Thursday, July 28, 2011

Building a Base

What a long strange trip it’s been, traveling the politically rutted road of public lands policy surrounding Gold Butte. However, along the way I have seen some great sights and have learned a few good lessons.

It was little more than a year ago, that I was meeting with our congressional delegation on a regular basis. It was in those meetings that I was told point blank that the Gold Butte NCA and Wilderness proposal was a done deal. It was only in May of 2010 that the Clark County Commission passed their naïve and disingenuous resolution, reworked at the eleventh hour, in support of this same plan. We met with candidates running for office at every level of government, we met with Washington bureaucrats, lobbyists, local mayors, county commissioners and all manner of elected officials. Through it all, in spite of the odds, we were able to hold out through the election cycle of 2010 and the resulting lame duck session and fight off yet another inept and heavy-handed proposal.
Why was it that these politically privileged plans never made it out of the dark recesses of the chambers of those political elite? It was because of you. It was because when phone calls needed to be made, when letters needed to be written and a show of hands at a meeting was needed, you were ready to rise up.  I have seen what a coalition of communities coming together, fighting for something they believe in, can accomplish politically. It is bigger, better and stronger than any halfhearted special interest group could hope to buy or manufacture. 

It is my goal with this blog to provide a place where like-minded people can find information on current events and have a place where ideas can be shared that help promote local stewardship for our public lands. I would hope that the efforts of this blog have helped build the base of community support for issues surrounding public lands at Gold Butte. However, I need your help, in building an even larger community base to support Gold Butte. I need help in sharing our message to the community that cares about Gold Butte. The time will come again that we will need to fend off yet another special interest proposal that is trying to cash in on hundreds of thousands of acres to add to their trophy chest.  We need to stand ready as a community to yet again block the next unreasonable proposal.

I am not asking for money, I won’t spam you with emails or Facebook posts, I am not even asking you to come to any meetings, but I do need your help. 

Please share the link to the Save Gold Butte Facebook page to your Facebook friends and invite them to “Like” this page. Share the link to Save Gold Butte to your blogger friends and suggest they follow the blog with their blogger account. Help me build the base of community support for Gold Butte and keep our public lands accessible for everyone to enjoy.

Sunday, July 17, 2011

Local Wilderness Discussions

The scoping meetings for the Lime Canyon and Jumbo Springs wilderness areas were held a few weeks ago. I was able to attend the meeting held in Overton. The meeting was not very well attended however the discussion that we had was constructive, and I believe, informative for both sides (the community and the BLM). The discussion focused on how to manage wilderness areas both in a broad sense and also specific components that would impact the wilderness within the Gold Butte region.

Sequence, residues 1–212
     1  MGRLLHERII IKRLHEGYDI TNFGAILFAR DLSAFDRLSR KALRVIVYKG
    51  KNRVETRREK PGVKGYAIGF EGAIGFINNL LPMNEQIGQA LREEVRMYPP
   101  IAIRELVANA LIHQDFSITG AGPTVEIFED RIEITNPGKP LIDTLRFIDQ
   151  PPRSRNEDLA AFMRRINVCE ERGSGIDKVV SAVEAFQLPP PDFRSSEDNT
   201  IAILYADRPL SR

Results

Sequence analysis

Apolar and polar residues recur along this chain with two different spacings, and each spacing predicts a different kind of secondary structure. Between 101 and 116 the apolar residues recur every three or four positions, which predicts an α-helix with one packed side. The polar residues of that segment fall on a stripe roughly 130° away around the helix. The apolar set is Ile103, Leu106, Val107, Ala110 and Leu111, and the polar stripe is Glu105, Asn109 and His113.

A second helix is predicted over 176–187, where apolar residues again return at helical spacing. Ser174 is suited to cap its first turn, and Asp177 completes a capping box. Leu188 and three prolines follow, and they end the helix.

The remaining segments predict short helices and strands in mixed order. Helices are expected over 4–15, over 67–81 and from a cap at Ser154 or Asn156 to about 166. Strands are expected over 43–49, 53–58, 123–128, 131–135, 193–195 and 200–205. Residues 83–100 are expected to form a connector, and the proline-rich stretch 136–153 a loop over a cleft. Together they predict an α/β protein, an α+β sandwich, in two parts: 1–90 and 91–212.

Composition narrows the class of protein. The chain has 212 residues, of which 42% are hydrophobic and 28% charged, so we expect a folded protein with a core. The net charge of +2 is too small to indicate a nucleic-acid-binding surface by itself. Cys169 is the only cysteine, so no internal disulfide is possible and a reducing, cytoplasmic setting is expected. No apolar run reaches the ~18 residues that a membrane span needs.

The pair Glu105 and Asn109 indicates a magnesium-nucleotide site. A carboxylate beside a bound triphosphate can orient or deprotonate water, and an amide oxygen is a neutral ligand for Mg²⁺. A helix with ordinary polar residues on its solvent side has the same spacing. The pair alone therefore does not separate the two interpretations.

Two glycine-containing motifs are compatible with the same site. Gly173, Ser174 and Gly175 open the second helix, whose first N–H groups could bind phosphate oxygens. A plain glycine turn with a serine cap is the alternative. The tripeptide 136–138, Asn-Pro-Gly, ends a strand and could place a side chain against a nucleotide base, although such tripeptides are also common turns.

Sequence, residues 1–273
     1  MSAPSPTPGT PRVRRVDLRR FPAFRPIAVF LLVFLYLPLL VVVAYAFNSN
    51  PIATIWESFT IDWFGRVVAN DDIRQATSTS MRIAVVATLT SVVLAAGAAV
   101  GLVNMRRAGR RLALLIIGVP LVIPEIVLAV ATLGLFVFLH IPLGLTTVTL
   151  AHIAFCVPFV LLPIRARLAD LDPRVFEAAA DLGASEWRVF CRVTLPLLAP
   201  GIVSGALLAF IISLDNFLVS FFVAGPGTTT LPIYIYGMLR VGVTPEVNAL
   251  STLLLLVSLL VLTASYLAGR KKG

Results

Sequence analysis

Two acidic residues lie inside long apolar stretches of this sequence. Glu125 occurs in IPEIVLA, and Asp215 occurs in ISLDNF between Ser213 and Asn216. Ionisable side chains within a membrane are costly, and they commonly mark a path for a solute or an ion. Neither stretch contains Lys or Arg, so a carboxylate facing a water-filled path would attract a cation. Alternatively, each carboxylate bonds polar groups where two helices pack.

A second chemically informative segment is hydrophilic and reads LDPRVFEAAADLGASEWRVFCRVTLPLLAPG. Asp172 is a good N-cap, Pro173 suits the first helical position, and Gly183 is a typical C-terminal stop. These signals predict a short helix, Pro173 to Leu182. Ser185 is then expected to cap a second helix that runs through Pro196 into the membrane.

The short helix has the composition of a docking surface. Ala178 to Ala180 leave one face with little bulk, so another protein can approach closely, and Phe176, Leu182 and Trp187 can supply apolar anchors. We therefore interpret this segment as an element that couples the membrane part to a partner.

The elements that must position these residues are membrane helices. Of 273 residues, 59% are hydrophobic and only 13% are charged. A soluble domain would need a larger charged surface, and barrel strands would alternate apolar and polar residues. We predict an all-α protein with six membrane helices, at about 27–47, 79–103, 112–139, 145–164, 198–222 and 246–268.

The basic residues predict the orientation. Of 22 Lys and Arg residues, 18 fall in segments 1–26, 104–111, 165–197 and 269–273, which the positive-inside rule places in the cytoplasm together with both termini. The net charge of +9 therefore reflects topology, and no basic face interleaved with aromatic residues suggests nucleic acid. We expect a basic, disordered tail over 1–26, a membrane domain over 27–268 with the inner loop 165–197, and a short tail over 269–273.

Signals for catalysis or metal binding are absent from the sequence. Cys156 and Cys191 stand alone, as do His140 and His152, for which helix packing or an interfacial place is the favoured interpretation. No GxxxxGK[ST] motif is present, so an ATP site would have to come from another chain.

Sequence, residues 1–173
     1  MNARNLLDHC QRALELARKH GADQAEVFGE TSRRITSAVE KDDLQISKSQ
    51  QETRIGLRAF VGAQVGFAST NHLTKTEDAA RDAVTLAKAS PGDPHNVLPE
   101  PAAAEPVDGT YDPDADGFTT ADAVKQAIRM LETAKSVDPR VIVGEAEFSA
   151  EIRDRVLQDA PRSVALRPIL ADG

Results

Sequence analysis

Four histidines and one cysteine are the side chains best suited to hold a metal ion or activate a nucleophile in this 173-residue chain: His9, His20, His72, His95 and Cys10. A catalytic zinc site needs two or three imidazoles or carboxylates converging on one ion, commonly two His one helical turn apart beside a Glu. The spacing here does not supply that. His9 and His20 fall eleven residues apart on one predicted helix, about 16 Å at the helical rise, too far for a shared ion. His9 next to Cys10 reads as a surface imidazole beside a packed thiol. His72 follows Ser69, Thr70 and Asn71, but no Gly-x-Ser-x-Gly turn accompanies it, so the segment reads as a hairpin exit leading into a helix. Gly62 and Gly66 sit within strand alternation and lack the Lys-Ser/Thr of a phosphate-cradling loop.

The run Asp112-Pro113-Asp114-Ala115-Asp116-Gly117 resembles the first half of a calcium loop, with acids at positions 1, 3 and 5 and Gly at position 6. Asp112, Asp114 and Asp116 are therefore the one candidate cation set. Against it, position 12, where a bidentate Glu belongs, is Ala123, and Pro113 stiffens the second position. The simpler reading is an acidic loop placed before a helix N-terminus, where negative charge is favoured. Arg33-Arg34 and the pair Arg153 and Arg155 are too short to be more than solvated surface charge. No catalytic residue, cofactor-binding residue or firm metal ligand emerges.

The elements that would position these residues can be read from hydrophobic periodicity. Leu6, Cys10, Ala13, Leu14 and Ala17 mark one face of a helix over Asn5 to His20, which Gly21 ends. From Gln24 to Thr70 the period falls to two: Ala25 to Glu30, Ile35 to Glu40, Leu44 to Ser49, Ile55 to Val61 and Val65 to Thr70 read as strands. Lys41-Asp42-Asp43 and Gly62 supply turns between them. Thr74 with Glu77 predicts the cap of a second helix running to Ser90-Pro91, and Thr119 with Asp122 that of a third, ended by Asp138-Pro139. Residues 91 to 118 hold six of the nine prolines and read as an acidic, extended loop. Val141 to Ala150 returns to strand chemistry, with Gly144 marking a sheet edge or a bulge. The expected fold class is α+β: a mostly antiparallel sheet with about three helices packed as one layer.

The wilderness that is found within Gold Butte is for the most part undeveloped and primitive. I know this seems common sense or logical even so, it was on these simple facts that I built the basis of my suggestion for future management for these areas. We don’t need big gouty signage cluttering the landscape pointing out the way. We don’t need interpretive signage for the visitor to be told what he or she is seeing. We don’t need fences telling us which side of the road or canyon is wilderness and which isn’t. We don’t need a big red delineation on the map calling visitors attention to these places.  If we have to have wilderness, if it has to be drawn on a map so we “know” what it is, then we ought to let it be what we want it to be, wilderness.

Different sub topics like managing weeds, habitat, water sources and fire control were also discussed within the meeting.  However, most of those conversations came back to the overarching theme of managing the entire region or landscape instead of a small subset within that region. The community members who were in attendance seemed to agree that trying to manage a 4,000 acre swath of country within a 350,000 acre complex was of little worth at best and a poor utilization of government  resources when talking about weed control or habitat conservation. The whole complex needs to be managed as a single unit. To try and manage a 4,000 acre piece while leaving the remainder vulnerable because it doesn’t have a bureaucratic title is ridiculous.

This is only a brief overview of what was discussed at the Overton scoping meeting. There were two other meetings held both in Bunkerville and Mesquite. I was a little disappointed at the attendance of the Overton meeting. These meetings are both a great opportunity for the community to get to know our BLM staff and also for the community to express their thoughts and feelings about local land management. It is these meetings were we can hold our BLM staff accountable for local land management practices. If we don’t take the time to tell them how we would like to see it managed by the time you grab your pitchfork and light your torch it is probably too late to do any good.

The Moapa Valley Progress covered this meeting along with the other community meetings. Please take the time read their article and get a more well-rounded assessment of the community meetings: